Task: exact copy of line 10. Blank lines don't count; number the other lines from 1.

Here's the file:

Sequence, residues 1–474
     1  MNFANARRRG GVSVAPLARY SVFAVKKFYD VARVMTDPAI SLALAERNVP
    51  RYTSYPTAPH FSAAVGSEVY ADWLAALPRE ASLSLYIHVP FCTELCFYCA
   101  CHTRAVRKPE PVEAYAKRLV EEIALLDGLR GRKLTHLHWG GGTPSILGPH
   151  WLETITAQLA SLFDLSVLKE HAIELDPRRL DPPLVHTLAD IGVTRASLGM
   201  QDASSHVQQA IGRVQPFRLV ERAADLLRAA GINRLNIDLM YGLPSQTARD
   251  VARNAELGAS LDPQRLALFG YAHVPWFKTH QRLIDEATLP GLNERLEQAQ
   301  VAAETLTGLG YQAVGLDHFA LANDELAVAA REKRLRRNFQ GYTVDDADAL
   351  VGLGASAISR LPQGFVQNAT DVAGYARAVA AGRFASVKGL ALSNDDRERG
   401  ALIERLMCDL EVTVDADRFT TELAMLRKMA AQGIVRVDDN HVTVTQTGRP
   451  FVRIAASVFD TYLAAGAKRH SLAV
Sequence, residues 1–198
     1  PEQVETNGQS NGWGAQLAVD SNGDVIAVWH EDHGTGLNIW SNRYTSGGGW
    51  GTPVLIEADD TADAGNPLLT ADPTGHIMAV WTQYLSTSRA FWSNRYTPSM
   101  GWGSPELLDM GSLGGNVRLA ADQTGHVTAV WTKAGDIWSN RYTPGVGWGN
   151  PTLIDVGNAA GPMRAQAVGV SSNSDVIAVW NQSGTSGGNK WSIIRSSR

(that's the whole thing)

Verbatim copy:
   401  ALIERLMCDL EVTVDADRFT TELAMLRKMA AQGIVRVDDN HVTVTQTGRP